From a brilliant post by Katja Grace:

“Discrimination’ can mean all sorts of things. One of the main ones, and what it will mean in this post, is differential treatment of people from different groups, due to real or imagined differences in average group features. Discrimination is a problem because the many people who don’t have the supposed average features of a group they are part of are misconstrued as having them, and offered inappropriate treatment and opportunities as a result. For instance a capable and trustworthy middle aged man may miss out on a babysitting job for which he is truly the best candidate because the parents take his demographic information as reason not to trust him with their children.

This means that ‘discrimination’ is really a misnomer; this problem is due to lack of discrimination. In particular lack of discrimination between members of the groups. […] Even if observers can’t discriminate perfectly, more ability to discriminate means less misrepresentation.”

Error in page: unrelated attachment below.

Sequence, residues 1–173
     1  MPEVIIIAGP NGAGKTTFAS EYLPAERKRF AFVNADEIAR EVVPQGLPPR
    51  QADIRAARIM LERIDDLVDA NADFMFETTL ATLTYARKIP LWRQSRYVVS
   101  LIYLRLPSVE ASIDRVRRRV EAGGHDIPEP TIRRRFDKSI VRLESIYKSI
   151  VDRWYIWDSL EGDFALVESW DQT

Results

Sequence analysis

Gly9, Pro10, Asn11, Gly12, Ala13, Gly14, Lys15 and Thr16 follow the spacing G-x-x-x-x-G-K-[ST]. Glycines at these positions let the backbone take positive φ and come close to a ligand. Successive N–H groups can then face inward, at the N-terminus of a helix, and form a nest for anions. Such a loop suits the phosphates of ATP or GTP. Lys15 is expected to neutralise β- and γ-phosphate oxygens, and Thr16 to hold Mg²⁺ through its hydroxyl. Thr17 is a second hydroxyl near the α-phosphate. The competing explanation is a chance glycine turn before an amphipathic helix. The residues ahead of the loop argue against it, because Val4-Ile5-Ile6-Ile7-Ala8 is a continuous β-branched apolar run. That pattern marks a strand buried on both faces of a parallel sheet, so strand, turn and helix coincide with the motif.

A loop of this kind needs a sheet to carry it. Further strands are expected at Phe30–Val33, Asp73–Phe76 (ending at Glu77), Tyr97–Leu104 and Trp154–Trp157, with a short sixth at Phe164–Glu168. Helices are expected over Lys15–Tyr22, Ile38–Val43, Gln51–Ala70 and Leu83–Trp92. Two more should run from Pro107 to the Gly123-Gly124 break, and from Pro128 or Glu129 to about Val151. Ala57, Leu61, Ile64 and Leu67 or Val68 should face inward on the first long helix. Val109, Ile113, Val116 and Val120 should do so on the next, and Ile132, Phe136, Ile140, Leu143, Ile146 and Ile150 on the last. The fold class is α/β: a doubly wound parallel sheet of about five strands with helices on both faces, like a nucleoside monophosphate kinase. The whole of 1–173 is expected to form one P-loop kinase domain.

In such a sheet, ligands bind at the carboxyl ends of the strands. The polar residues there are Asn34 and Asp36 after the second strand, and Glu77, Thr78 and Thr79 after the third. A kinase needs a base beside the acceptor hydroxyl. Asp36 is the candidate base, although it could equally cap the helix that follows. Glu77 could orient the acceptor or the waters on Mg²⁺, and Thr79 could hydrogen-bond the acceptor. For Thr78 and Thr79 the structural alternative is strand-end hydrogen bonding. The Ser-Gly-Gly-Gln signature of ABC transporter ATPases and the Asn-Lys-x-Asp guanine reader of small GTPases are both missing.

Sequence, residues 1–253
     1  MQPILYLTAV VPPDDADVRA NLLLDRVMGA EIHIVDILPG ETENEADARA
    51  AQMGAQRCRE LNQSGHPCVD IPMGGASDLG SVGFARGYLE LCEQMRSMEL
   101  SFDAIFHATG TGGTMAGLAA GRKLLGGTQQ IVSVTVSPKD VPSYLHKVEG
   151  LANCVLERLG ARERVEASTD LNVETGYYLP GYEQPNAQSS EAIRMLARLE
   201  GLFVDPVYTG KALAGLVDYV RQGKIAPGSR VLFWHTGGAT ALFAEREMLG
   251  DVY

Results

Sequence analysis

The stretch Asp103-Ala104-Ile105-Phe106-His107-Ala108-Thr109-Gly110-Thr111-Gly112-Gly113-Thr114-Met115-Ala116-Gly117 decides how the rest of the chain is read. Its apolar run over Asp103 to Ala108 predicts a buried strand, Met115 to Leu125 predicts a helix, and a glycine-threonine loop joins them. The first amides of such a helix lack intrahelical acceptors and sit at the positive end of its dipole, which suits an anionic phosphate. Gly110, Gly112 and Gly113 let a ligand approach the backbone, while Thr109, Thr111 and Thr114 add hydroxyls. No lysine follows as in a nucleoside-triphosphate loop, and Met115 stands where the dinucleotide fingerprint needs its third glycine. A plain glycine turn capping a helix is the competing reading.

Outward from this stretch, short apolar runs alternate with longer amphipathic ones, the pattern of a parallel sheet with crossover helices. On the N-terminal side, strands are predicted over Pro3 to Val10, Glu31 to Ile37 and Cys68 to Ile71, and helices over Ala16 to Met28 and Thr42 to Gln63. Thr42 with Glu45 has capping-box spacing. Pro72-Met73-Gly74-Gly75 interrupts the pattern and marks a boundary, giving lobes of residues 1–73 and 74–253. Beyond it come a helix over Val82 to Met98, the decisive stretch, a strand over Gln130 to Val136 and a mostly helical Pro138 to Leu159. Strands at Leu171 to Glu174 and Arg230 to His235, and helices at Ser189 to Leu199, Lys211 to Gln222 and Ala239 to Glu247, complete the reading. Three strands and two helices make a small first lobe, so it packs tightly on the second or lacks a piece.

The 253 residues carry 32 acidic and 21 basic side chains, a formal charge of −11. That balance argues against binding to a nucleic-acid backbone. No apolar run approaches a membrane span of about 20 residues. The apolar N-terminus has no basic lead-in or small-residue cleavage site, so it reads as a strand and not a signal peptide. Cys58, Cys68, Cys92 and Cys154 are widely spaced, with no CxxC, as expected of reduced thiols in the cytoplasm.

“The usual solution suggested for ‘discrimination’ is for everyone to forget about groups and act only on any specific evidence they have about individuals. Implicitly this advice is to expect everyone to have the average characteristics of the whole population except where individual evidence is available. Notice that generalizing over a larger group like this should increase the misrepresentation of people, and thus their inappropriate treatment. Recall that that was the original problem with discrimination.”


“if you want to stop discrimination because it causes people to be treated as less than they are, then work on making it easier to discriminate between people further, rather than harder to discriminate between them at all. Help people signal their traits cheaply and efficiently distinguish between others. In the absence of perfect discrimination between individuals, the other end of the spectrum is not the next best thing, it’s the extreme of misrepresentation.”

I seem to remember making some of the same points not long ago here.

August 14, 2010 Posted by | economics | Leave a comment



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